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Intellectual property can be quite a crucial business tool, however, not everyone thinks hard enough about protecting their big ideas. In 2001, plumber Brad McCarthy got stuck on a remote beach in Cape York in north Queensland and spent about six hours getting his car out with a hand winch. He knew there should be an improved way. In response, he invented Product Idea, a light-weight vehicle-recovery device for bogged off-roaders.

After designing the super-tough nylon product, he attended a Queensland Government business seminar, in which the advisers stressed getting patent protection before his idea was publicised. “One of the first things we did was speak to a patent attorney to find out the way we could protect the thought,” says McCarthy, who launched Maxtrax in 2005. It is now sold in about 30 countries worldwide. McCarthy has patents in key markets such as Australia, Europe as well as the US, as well as the business even offers a trademark on the distinctive original “safety orange” hue it ways to use its moulded product. Unlike McCarthy, however, many inventors and businesses with a good idea cruel their odds of success from the first day.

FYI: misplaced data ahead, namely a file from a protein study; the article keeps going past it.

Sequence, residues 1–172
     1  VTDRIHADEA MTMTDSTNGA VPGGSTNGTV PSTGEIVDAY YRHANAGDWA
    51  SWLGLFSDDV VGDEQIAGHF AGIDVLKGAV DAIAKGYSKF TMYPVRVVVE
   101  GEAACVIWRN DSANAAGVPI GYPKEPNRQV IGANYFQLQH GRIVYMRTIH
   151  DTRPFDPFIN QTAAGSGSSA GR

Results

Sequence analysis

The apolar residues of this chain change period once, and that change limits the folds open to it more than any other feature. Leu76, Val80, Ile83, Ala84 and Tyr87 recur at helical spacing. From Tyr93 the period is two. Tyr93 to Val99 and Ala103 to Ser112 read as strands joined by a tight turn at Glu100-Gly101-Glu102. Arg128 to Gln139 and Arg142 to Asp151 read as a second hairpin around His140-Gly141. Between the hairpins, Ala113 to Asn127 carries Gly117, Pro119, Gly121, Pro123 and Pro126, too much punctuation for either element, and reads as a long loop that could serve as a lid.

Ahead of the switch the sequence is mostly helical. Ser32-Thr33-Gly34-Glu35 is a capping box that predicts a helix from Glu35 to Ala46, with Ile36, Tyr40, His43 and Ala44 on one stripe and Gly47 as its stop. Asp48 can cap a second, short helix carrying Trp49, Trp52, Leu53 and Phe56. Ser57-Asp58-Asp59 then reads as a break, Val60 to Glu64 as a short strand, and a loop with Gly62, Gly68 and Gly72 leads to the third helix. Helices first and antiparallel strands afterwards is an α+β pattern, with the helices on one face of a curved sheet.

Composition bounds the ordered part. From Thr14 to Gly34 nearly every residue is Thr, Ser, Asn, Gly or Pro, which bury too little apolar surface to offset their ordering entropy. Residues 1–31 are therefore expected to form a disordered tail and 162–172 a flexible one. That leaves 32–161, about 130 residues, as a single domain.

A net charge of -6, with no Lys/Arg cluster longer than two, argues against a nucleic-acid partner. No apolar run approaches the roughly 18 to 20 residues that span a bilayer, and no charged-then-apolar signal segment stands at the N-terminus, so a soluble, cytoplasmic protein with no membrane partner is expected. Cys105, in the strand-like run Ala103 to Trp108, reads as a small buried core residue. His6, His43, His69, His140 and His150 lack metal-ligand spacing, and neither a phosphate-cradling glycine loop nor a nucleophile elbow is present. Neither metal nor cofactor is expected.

Their big mistake? Ignoring patents or any other intellectual property protection before they spruik their idea to investors, the general public or perhaps friends. It could be a costly error. Bradley Postma, principal at patent and trademark attorney firm Cullens, says small, and medium enterprises (SMEs), in particular, often neglect safeguarding their IP or think it will likely be too expensive. “The majority of protectable IP goes unprotected,” he says.

Europe could be a particular trap for exporters because, unlike some other major markets, it lacks a grace period allowing for public disclosure of your invention without affecting the validity of any subsequent patent application. That opens just how for an idea or product to get copied. “In Australia and america that you can do something regarding it, provided you’re inside a one-year window – in Europe you can’t, it’s too far gone,” Postma says. “In that case, businesses have shot themselves inside the foot; they’ve forfeited their rights and anyone can copy [their idea].” Postma observes that business owners often think their idea is simply too very easy to warrant a patent. “However, if it’s successful and uncomplicated, it will probably be copied and you need to get advice.”

Unitary patents on way – Margot Fröhlinger is principal director of unitary patent, European and international legal affairs at the Munich-based European Patent Office (EPO), which oversees about 160,000 patent applications annually. She recently completed a road trip warning Australian businesses that poor patent and IP safeguards could derail their European market opportunities. Companies must innovate – and protect their inventions. “You have to have the protection of your IP and, particularly, patent protection in order to get an excellent return on the investment,” she says.